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Föll, Simon ORCID logoORCID: https://orcid.org/0000-0002-4364-4282; Lison, Adrian ORCID logoORCID: https://orcid.org/0000-0002-6822-8437; Maritsch, Martin ORCID logoORCID: https://orcid.org/0000-0001-9920-0587; Klingberg, Karsten ORCID logoORCID: https://orcid.org/0000-0002-2502-1428; Lehmann, Vera ORCID logoORCID: https://orcid.org/0000-0002-6038-809X; Züger, Thomas ORCID logoORCID: https://orcid.org/0000-0001-6190-7405; Srivastava, David ORCID logoORCID: https://orcid.org/0000-0002-4744-0463; Jegerlehner, Sabrina ORCID logoORCID: https://orcid.org/0000-0002-0868-0608; Feuerriegel, Stefan ORCID logoORCID: https://orcid.org/0000-0001-7856-8729; Fleisch, Elgar ORCID logoORCID: https://orcid.org/0000-0002-4842-1117; Exadaktylos, Aristomenis ORCID logoORCID: https://orcid.org/0000-0002-2705-5170 and Wortmann, Felix ORCID logoORCID: https://orcid.org/0000-0001-5034-2023 (2022): A Scalable Risk-Scoring System Based on Consumer-Grade Wearables for Inpatients With COVID-19: Statistical Analysis and Model Development. In: JMIR Formative Research, Vol. 6, No. 6, e35717 [PDF, 875kB]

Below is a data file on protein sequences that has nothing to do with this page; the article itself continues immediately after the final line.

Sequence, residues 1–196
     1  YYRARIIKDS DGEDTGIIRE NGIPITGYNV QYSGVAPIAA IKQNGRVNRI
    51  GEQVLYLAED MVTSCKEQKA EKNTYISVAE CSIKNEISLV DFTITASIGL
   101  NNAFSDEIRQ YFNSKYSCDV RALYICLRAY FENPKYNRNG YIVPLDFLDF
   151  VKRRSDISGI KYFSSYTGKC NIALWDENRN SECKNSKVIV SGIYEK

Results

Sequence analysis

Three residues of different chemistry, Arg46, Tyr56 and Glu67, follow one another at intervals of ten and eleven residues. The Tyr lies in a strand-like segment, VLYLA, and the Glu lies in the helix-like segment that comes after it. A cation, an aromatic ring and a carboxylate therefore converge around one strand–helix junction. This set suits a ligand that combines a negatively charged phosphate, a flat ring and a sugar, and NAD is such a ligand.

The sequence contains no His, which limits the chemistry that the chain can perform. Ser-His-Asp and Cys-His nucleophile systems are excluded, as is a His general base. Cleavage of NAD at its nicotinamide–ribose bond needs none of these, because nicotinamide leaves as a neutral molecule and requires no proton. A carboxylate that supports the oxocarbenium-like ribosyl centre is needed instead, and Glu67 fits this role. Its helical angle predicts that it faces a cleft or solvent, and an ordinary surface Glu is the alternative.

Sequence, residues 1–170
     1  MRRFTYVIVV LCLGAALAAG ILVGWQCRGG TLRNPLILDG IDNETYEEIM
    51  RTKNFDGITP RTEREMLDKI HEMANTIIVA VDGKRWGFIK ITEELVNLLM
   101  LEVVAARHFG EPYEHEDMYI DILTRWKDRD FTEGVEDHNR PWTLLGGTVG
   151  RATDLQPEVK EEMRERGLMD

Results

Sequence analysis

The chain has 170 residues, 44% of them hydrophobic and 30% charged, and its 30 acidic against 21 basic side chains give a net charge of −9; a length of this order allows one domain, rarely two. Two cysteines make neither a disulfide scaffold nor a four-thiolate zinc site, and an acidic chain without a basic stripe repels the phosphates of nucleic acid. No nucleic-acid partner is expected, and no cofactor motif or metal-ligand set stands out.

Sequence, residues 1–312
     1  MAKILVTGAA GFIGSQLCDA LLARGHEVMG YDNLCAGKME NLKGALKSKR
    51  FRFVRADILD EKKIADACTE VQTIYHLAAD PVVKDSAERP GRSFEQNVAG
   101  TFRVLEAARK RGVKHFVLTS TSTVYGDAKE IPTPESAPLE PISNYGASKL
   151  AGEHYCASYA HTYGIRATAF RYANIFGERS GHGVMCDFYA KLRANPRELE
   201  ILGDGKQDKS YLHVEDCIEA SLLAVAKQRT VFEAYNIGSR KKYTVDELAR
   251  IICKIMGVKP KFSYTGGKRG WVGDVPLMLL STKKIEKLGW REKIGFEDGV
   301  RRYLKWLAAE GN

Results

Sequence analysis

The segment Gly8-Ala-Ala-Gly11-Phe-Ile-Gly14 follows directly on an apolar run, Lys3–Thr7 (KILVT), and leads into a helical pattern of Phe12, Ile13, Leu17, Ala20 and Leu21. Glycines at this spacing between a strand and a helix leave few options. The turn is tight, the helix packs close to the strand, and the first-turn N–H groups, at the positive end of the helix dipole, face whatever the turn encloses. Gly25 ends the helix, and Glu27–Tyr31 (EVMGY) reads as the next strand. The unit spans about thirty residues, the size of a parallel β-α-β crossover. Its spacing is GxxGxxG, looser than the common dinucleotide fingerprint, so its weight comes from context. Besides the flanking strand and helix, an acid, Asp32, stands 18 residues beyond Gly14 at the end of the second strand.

Background: To provide effective care for inpatients with COVID-19, clinical practitioners need systems that monitor patient health and subsequently allow for risk scoring. Existing approaches for risk scoring in patients with COVID-19 focus primarily on intensive care units (ICUs) with specialized medical measurement devices but not on hospital general wards. Objective: In this paper, we aim to develop a risk score for inpatients with COVID-19 in general wards based on consumer-grade wearables (smartwatches). Methods: Patients wore consumer-grade wearables to record physiological measurements, such as the heart rate (HR), heart rate variability (HRV), and respiration frequency (RF). Based on Bayesian survival analysis, we validated the association between these measurements and patient outcomes (ie, discharge or ICU admission). To build our risk score, we generated a low-dimensional representation of the physiological features. Subsequently, a pooled ordinal regression with time-dependent covariates inferred the probability of either hospital discharge or ICU admission. We evaluated the predictive performance of our developed system for risk scoring in a single-center, prospective study based on 40 inpatients with COVID-19 in a general ward of a tertiary referral center in Switzerland. Results: First, Bayesian survival analysis showed that physiological measurements from consumer-grade wearables are significantly associated with patient outcomes (ie, discharge or ICU admission). Second, our risk score achieved a time-dependent area under the receiver operating characteristic curve (AUROC) of 0.73-0.90 based on leave-one-subject-out cross-validation. Conclusions: Our results demonstrate the effectiveness of consumer-grade wearables for risk scoring in inpatients with COVID-19. Due to their low cost and ease of use, consumer-grade wearables could enable a scalable monitoring system.

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